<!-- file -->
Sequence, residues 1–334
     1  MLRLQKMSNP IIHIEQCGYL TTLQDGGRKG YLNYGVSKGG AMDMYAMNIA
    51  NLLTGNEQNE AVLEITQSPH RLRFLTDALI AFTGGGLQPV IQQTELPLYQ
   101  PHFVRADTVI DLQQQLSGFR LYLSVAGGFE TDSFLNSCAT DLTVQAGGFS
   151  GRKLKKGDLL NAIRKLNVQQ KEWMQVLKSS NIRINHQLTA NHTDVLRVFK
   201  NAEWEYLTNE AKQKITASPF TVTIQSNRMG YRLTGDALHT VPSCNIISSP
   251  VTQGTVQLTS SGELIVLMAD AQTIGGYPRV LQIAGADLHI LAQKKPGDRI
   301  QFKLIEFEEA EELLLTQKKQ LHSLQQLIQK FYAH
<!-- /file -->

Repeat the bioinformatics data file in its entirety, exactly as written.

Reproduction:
Sequence, residues 1–334
     1  MLRLQKMSNP IIHIEQCGYL TTLQDGGRKG YLNYGVSKGG AMDMYAMNIA
    51  NLLTGNEQNE AVLEITQSPH RLRFLTDALI AFTGGGLQPV IQQTELPLYQ
   101  PHFVRADTVI DLQQQLSGFR LYLSVAGGFE TDSFLNSCAT DLTVQAGGFS
   151  GRKLKKGDLL NAIRKLNVQQ KEWMQVLKSS NIRINHQLTA NHTDVLRVFK
   201  NAEWEYLTNE AKQKITASPF TVTIQSNRMG YRLTGDALHT VPSCNIISSP
   251  VTQGTVQLTS SGELIVLMAD AQTIGGYPRV LQIAGADLHI LAQKKPGDRI
   301  QFKLIEFEEA EELLLTQKKQ LHSLQQLIQK FYAH